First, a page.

Brewster County, and was also allegedly part of the 1987 raid on a
Mexican village that killed druglord Pablo Acosta. Thompson also
allegedly participated in the raid, which McNamara said opened the
Ojinaga drug routes to Colombian cocaine traffickers.
Chambers was registered in 1990 as an informant for the U.S. Border
Patrol, while at the same time smuggling tons of narcotics, McNamara
Those records and others concerning federal seizure of Chambers'
property following his arrest are among those McNamara is seeking.
McNamara publishes the NIMBY News and has said he is working on a book
about Chambers and Thompson.
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Logan Cole Womack, infant son of Leslie and Greg Womack of Pearl, Miss.,
died Thursday, June 20, 1996 of a chromosomal defect. Services will be
at 10 a.m. Tuesday in Southside Church of Christ in Peoria, Ill., with
burial in St. Mary's Cemetery.
Survivors include the parents, one sister, Rosemary Elizabeth Womack of
Pearl, Miss.; maternal grandparents, Lyle and Rosemary Wade of Peoria,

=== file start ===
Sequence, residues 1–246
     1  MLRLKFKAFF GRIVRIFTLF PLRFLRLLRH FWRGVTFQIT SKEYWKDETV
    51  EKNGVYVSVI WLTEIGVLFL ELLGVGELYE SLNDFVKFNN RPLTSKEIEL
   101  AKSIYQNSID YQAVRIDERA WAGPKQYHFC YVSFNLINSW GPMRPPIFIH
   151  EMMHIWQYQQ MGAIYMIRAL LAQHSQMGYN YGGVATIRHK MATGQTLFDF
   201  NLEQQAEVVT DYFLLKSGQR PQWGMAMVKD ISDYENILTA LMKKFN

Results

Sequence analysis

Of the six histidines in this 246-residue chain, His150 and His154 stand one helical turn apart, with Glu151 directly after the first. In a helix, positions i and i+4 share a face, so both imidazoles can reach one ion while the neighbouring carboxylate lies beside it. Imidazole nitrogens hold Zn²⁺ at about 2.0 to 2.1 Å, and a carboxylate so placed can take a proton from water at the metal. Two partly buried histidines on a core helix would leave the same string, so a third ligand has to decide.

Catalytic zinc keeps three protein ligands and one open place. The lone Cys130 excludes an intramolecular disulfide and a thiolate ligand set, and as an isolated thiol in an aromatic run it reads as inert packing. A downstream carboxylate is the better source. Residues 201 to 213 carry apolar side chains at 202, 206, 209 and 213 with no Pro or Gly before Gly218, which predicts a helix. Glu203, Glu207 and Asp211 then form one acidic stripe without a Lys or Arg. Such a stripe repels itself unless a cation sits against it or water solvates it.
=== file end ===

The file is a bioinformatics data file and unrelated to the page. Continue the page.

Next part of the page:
Ill.; paternal grandparents, Art and Caryn Womack of Madison, Miss. and
Dale and Elizabeth Corbell of Barstow.
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Services for Tomas M. Dominguez of Fort Stockton were at 10 a.m.
Saturday in Templo Triunfo de la fe in Fort Stockton, with burial in
Easthill Cemetery. He died June 20, 1996 in Odessa Medical Center.
He was born Dec. 29, 1923 in La Union, Coahuila, Mex. and was a ranch
Survivors include his wife, Sarah Lopez Dominguez of Fort Stockton;
three sons, Daniel Dominguez of Houston, Raul Dominguez and Rogelio
Dominguez, both of Fort Stockotn; six daughters, Hilda Falcon, Rosa
Esquivel and Dalia Cedillo of Fort Stockton, Oralia Cantu of Fort Worth,
Maria Yolanda Raygosa and Orvilia Acuna of Odessa; one brother, Julian
Dominguez of Visalia, Calif.; two sisters, Susanita Atayde of Del Rio
and Elodia Atayde of Saltillo, Mex., 25 grandchildren and four
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PECOS, June 24, 1996 - High Sunday 101, low last night 73. Tonight,
partly cloudy with isolated thunderstorms. Low in the lower 70s.
Southeast wind 5-15 mph. Chance of rain is less than 20 percent.
Tuesday, partly cloudy with isolated afternoon thunderstorms. High in
the upper 90s. South wind 5-15 mph. Chance of rain less than 20 percent.
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Copyright 1996 by Pecos Enterprise
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324 S. Cedar St., Pecos, TX 79772
Phone 915-445-5475, FAX 915-445-4321